The customer is always right, as the saying goes. And even if they’re not, they’re still right. You get the idea.
Good customer service is absolutely vital to any business. You only need to look at the drives of satisfaction from our recent car tyre retailers findings to get an idea. We’ve seen similar outcomes from our hardware stores and electronics retailers research.
Car tyre Retailers
|Drives of satisfaction||% of respondents|
|Point of sale service||36%|
|Value for money||19%|
|Quality of tyres||14%|
|Speed of tyre fitting||11%|
|After sale service||11%|
Source: Canstar Blue Car Tyre Retailers survey 2015
And it’s not just in retail where consumers are demanding the best possible service – it’s even a crucial ingredient of overall satisfaction when buying things like telecommunications products or paying your energy bills, we’ve found.
As another saying goes; treat others as you like to be treated. How would you feel if a shop assistant would rather talk to their friend on the phone than serve you? We’ve all been there…
But is good service as simple as approaching a customer and asking if you can help? Maybe not, because not all shoppers will appreciate someone bothering them. So how do you strike the balance?
What’s the secret to good customer service?
We’ve asked people on the front line what they think…
Mark Boldiston, of Lord Coconut men’s designer jewellery store in Melbourne, said the secret to good service is being able to read a situation and not overstepping the mark. He also believes it’s important not to come across as “fake”.
“Some people are happy for assistance immediately whilst others are happy to look through and ask for assistance if required. It’s really about reading the body language of the customer,” he said. “You can be too helpful, which will put people off as much as bad service. It’s all about reading the customer and tailoring the level of communication to suit their requirements. It’s a fine balancing act.
“Learn to read their body language to see if they want to engage with you or be left alone. Engage in small talk, but don’t ask them how their day was as this comes across as fake. Thank them for coming into the store even if they didn’t purchase anything.”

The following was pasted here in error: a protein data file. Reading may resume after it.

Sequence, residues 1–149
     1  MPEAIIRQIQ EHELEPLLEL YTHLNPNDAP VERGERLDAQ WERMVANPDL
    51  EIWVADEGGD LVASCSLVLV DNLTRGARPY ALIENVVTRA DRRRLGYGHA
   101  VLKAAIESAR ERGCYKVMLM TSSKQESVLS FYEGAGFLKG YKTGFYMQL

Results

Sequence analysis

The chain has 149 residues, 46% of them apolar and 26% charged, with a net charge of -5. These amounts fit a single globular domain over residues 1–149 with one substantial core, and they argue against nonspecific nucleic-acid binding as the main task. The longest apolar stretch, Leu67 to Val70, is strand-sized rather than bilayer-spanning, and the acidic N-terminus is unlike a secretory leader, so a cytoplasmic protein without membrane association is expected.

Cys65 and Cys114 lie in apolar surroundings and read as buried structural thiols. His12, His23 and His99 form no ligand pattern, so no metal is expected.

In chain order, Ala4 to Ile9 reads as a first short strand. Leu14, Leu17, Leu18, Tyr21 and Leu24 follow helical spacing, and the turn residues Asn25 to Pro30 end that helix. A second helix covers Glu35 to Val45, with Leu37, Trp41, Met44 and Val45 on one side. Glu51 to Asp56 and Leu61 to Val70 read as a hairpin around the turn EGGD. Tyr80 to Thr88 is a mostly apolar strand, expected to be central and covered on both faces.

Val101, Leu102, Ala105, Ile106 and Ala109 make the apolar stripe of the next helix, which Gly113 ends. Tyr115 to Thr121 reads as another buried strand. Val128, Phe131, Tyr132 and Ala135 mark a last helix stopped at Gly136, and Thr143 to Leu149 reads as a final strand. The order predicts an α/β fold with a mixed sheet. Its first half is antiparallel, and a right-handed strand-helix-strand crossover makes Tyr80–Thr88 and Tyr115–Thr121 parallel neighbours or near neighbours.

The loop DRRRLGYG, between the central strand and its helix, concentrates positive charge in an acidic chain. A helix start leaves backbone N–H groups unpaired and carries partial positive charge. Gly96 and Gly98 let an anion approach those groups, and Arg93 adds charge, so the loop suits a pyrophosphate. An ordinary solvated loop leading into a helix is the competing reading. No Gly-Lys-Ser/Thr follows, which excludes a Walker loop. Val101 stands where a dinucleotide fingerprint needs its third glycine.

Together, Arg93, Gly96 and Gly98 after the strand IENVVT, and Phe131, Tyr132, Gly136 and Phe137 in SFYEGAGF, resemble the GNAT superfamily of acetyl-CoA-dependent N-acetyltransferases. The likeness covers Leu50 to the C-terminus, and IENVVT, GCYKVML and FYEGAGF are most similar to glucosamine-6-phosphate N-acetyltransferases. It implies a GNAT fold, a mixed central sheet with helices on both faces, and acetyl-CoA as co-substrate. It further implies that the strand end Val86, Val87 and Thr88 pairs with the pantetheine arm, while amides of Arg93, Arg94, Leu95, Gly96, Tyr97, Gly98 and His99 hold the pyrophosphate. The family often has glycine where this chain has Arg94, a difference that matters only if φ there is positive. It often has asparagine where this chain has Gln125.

How has social media changed customer service?
It’s not just in-store sales representatives who need to get their customer service spon on, according to Sommer Cronck, from WompMobile.
“I work in high-tech – creating mobile websites – and we respond to EVERY inquiry we receive with an email, phone call or both,” she said. “Many of our customers are pleased, if not surprised, at our responsiveness and availability to speak to them in person, about their needs. I believe that, especially in tech where other companies tend to use support forms and help desk services, it puts us ahead of a lot of our competition and is a crucial part of our success as a burgeoning mobile web site provider.”
Judy Sahay, Director of Crowd Media HQ, agrees that quality service is of paramount importance across all communication platforms, especially in the age of social media where one consumer’s bad review could potentially be seen by millions of people.
“Social media has broken down a massive barrier in the way businesses communicate with their consumers and has opened doors to two-way communication,” she said.
“So what does this mean for brands? Quite simply customer services need to be at a higher level than ever before. This means understanding your customers, building authentic relationships and engaging in conversations with them. Answering enquires and making sure they are happy with the overall outcome is crucial in turning a customer into a loyal brand advocate.”
And finally, Frances Pratt, founder of KISS to Sell, summed up good service simply by saying: “Your job is not to sell people things. It is to help them buy things. The number one rule is to focus on them and what they want, not on you and what you have.”
We couldn’t have put it better ourselves…